The strategic defeat of Recep Tayyib Erdogan

Savran, Sungur

Publisher:  RedMed
Date Written:  16/06/2015
Year Published:  2015  
Resource Type:  Article
Cx Number:  CX19800

The author examines the causes of historic electoral defeat of Recep Tayyip Erdogan and his party AKP. The author emphasises the two recent events: The Gezi rebellion in Istanbul and the Kobane defence in Western Kurdistan. The author asks and attempts to answer "the reason why was that this defeat had taken so long to be registered in action even permitting Erdogan to climb to the presidency of the republic in August 2014."



The resounding defeat of Recep Tayyip Erdogan and his AKP at the polls in the 7th June general elections in Turkey brings out into the open a loss of political clout on the part of Erdogan as a result of the successive blows he received in the last two years at the hand of the masses and, partly, his erstwhile partners.

Two years ago almost to the day, the masses descended on the streets all over Turkey to demand the resignation of the Erdogan government, who was then prime minister, protesting not only the project of the demolition of the Gezi Park in the very centre of Istanbul with the purpose of building a shopping mall, but even more importantly against the wholesale suppression of freedoms and sectarian war-mongering in Syria.

Only one year after the popular rebellion triggered by Gezi, in October 2014, it was the turn of the Kurds to rise up in what is called a serhildan in Kurdish, the counterpart of an intifada. The triggering factor this time was the events in Rojava, Syrian or Western Kurdistan, which had gained autonomy in 2012 from the Baath regime. Kobane, one of its three cantons, was attacked by the ISIL, the organisation that declared the makeshift Islamic State in parts of Syria and Iraq under the self-appointed Caliph al Baghdadi.

Two popular rebellions within an interval of one year should be sufficient grounds to worry any political leader. However, history held more in store for Erdogan. The missing actor in all this was the working class. Sections of this class were heavily represented in Gezi, but did not put forth class demands with methods peculiar to the proletariat. Gezi was thus an intra-class popular movement that did not bear a proletarian imprint. Between Gezi and the Kobane serhildan, in May 2014, there was the Soma tragedy, a massacre that goes under the name of a "work-related accident" in a mining area in the Aegean region, in which 301 workers lost their lives. This brought the class question forcefully on the agenda. The callous manner in which Erdogan and his government handled the whole affair has added to popular anger. But more important is the ongoing struggle in the metallurgical industry. The government had banned a lawful strike of 15 thousand metalworkers in January this year, under the ludicrous pretext of "national security". However, the metalworkers came back with a vengeance, staging this time a wildcat strike that brought tens of thousands of workers into struggle from mid-May on, right on the eve of the election.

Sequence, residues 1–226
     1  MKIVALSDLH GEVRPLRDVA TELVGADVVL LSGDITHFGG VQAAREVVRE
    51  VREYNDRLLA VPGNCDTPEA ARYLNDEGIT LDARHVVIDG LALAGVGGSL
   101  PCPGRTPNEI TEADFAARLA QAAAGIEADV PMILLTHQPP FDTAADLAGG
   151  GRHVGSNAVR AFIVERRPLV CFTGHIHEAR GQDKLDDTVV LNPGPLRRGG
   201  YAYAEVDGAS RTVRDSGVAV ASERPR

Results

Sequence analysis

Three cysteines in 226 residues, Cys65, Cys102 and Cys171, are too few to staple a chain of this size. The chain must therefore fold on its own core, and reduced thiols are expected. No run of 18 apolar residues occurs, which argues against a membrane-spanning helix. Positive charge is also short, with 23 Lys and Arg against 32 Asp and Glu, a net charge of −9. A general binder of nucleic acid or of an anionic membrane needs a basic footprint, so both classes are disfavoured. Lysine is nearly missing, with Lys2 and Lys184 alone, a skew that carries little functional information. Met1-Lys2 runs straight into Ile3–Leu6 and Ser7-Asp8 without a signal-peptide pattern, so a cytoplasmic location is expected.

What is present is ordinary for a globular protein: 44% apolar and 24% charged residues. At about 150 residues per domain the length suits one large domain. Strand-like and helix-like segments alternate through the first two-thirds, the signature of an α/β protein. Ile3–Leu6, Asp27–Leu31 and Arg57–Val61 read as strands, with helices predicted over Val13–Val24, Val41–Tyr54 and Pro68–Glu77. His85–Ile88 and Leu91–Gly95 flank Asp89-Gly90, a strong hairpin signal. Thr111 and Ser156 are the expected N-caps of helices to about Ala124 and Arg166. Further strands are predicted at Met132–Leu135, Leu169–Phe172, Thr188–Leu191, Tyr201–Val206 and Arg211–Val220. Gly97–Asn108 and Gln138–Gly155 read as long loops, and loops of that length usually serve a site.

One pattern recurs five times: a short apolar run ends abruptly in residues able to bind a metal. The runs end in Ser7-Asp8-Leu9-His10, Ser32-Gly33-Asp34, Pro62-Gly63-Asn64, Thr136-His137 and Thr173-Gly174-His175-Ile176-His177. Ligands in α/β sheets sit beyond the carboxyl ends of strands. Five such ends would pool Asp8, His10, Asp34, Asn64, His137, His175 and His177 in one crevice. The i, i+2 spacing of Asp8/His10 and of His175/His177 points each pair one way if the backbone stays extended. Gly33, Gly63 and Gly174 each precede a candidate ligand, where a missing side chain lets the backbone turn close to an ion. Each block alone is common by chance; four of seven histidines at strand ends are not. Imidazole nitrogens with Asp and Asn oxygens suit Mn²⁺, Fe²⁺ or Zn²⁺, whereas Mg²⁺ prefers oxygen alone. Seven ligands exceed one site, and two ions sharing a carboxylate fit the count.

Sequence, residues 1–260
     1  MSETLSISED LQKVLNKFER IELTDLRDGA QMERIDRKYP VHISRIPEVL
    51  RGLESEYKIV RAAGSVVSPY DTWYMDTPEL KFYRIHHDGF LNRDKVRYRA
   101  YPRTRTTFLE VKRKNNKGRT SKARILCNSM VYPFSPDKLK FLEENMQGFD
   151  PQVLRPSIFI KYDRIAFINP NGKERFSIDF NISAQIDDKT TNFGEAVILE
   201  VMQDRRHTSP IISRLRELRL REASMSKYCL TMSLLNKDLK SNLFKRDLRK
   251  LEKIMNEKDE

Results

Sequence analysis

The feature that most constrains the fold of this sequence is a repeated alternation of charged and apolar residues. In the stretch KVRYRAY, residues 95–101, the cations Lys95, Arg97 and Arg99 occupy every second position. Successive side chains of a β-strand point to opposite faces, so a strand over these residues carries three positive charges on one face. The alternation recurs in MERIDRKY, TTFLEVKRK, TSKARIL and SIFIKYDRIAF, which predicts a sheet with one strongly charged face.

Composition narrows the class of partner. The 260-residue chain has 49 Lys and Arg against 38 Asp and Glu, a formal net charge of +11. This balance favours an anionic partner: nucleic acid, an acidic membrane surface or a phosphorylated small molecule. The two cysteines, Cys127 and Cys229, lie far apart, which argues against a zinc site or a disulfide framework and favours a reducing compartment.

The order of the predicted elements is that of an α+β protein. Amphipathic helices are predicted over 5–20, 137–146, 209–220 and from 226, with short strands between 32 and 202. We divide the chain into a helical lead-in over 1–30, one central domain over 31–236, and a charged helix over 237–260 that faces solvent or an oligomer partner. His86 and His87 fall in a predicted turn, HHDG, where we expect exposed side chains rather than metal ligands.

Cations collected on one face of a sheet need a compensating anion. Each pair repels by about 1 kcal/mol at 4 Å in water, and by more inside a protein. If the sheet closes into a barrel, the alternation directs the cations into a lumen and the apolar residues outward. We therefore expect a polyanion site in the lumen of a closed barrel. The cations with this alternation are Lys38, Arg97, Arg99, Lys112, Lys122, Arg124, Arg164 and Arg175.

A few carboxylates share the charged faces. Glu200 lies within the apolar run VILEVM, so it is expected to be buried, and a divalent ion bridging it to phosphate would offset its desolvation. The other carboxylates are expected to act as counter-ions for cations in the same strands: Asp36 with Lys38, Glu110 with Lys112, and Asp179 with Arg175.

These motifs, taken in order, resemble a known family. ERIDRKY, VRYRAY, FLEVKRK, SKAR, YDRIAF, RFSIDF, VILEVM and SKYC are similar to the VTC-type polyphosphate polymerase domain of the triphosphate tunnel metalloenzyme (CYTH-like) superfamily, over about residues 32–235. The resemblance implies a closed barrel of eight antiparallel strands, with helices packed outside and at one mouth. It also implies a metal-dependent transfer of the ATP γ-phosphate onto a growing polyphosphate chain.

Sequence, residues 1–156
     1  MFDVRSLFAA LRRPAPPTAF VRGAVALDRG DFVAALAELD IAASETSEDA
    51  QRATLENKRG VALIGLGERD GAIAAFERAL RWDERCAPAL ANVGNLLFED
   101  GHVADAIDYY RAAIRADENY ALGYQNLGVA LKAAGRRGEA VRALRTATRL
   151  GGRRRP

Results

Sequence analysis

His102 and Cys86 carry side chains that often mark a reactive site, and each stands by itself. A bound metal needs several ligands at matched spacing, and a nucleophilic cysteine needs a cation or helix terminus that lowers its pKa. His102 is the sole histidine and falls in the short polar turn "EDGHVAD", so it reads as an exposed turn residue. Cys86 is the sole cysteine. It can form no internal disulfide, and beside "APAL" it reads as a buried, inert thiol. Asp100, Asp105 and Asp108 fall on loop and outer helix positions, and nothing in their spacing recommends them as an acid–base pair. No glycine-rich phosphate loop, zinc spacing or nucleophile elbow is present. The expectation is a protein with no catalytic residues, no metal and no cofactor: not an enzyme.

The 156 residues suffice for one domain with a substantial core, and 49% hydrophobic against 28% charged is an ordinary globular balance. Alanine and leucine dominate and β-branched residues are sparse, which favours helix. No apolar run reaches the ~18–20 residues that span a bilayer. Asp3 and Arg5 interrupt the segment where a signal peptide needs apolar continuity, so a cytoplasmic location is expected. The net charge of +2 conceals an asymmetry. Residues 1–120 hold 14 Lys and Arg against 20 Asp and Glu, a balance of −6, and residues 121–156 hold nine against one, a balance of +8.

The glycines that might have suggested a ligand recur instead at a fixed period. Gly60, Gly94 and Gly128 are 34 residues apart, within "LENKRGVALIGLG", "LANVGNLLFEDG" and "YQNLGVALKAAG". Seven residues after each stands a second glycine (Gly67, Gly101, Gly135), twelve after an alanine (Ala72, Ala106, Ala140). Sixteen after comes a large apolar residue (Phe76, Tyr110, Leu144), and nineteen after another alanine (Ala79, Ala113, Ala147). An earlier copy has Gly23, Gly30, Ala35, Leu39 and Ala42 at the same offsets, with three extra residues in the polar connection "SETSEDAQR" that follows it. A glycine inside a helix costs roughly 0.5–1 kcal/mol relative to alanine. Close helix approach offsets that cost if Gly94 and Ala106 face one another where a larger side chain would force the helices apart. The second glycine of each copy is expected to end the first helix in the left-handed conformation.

Fortunately for us all, this is not the only reality that Turkey presents. To understand what kind of period Turkey is going through, just look at the facts: a people’s rebellion in the western half of the country in 2013, a people’s rebellion in the eastern half of the country in 2014, a massive wildcat strike movement of metalworkers, still continuing, in 2015. What more can history bring together to make possible a breakthrough that would carry the working masses and the oppressed to power? When that happens, we will look back and say, "Well burrowed, old mole!"

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